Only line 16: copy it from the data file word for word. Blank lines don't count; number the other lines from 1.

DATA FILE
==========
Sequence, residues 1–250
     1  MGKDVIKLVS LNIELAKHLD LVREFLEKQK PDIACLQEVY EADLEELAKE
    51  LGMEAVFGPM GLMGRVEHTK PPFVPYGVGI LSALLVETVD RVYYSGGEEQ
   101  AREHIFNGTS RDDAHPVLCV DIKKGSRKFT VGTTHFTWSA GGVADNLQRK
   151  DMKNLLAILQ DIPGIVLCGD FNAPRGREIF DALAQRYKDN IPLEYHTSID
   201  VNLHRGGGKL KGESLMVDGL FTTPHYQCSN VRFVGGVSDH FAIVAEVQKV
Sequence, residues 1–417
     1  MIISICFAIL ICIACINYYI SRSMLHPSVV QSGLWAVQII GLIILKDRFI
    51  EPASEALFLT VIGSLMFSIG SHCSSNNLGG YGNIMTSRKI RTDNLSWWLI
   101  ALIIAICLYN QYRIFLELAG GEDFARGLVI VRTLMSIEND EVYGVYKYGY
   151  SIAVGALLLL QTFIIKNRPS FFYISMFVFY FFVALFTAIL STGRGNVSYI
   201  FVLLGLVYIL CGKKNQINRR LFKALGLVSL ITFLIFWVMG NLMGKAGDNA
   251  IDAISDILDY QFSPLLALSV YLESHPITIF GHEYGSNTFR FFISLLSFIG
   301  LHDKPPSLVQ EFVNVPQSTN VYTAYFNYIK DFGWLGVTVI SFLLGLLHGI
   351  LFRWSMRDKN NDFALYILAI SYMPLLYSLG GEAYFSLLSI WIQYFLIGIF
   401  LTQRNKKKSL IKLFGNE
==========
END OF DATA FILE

   401  LTQRNKKKSL IKLFGNE